Animal learning theories are applied to human diseases in which associative processes are disordered, as well as to our understanding of individual differences. For example, in cases of schizophrenia and in schizotypy, we find that learning occurs inappropriately, about stimuli that would normally be treated as irrelevant, redundant or in some other way indistinct. We have successfully established associative learning procedures suitable for use with human participants. Taking this work forward may involve testing participants with disorder of the dopaminergic system, in cases of ADHD, Tourette syndrome, schizophrenia or drug addiction. Another line of approach is to examine individual differences in learning in relation to personality measures and other scales designed to measure behavioural variation within the normal range.

Suggested reading (freely available online):

  • He, Z., Cassaday, H.J., Park, S.B.G. & Bonardi, C. (2012). When to hold that thought: An experimental study showing reduced inhibition of pre-trained associations in schizophrenia. PLoS ONE, 7, e42175.
  • He, Z., Cassaday, H.J., Bonardi, C. & Bibby, P.A. (2013).  Do personality traits predict individual differences in excitatory and inhibitory learning? Frontiers in Psychology: Personality Science and Individual Differences, 4, Article 245.


Dr Mark Haselgrove

My research investigates the principles and properties of learning. In general, I am interested in examining whether learning in humans can be explained by the kinds of associative models that have been developed to understand conditioning in non-human animals. I welcome discussions with potential students who have research ideas in this broad field. More specifically, I have research interests in the following areas:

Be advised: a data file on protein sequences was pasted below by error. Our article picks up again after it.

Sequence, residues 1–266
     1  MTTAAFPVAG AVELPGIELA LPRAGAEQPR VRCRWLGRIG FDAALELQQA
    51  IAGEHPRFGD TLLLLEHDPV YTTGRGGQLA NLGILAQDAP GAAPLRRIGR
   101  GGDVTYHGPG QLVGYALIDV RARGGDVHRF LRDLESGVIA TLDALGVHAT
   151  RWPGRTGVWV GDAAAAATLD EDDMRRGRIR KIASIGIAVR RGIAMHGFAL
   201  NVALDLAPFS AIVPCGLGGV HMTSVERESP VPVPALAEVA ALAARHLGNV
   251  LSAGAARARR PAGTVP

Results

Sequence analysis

Learning and stimulus processing.

The amount of processing that is devoted to stimuli can change as a consequence of learning. Recent studies have begun to understand the circumstances in which this change takes place. For example, establishing predicative relationships between stimuli can result in a bias in the processing of these stimuli – as measured by their associability or the amount of overt attention that they capture. However, significant challenges remain, particularly in terms of understanding the relationship between uncertainty and learned changes in attention, as well as the influence of temporal variables in learned attention.

Suggested reading:   

  • Haselgrove, M., Tam, S. K. E., & Jones, P. M. (2013). Enhanced unblocking from sustained post-trial surprise. Journal of Experimental Psychology: Animal Behavior Processes, 39, 311-322.
  • Esber, G. R. & Haselgrove, M. (2011) Reconciling the influence of predictiveness and uncertainty on stimulus salience: A model of attention in associative learning. Proceedings of the Royal Society B, 278, 2553-2561

Navigation based upon environmental geometry.

There is now substantial evidence to show that the shape of an environment can serve as a salient cue for navigating towards a hidden goal. Experiments conducted in my, and other, laboratories have revealed that this form of learning is susceptible to the sorts of manipulations that influence associative learning (e.g. cue competition). However, the circumstances that favour one representation frame (e.g. global encoding) over another (e.g. local encoding) during navigation remains to be determined, despite emerging evidence that both play a role in navigation.

Suggested reading:

  • Buckley, M. G., Smith, A. D., & Haselgrove, M. (2016). Thinking outside of the box: Transfer of shape-based reorientation across the boundary of an arena. Cognitive Psychology, 87, 53-87.
  • Buckley, M. G., Smith, A. D., & Haselgrove, M. (2016). Blocking spatial navigation across environments that have a different shape. Journal of Experimental Psychology: Animal Learning and Cognition,42, 51-66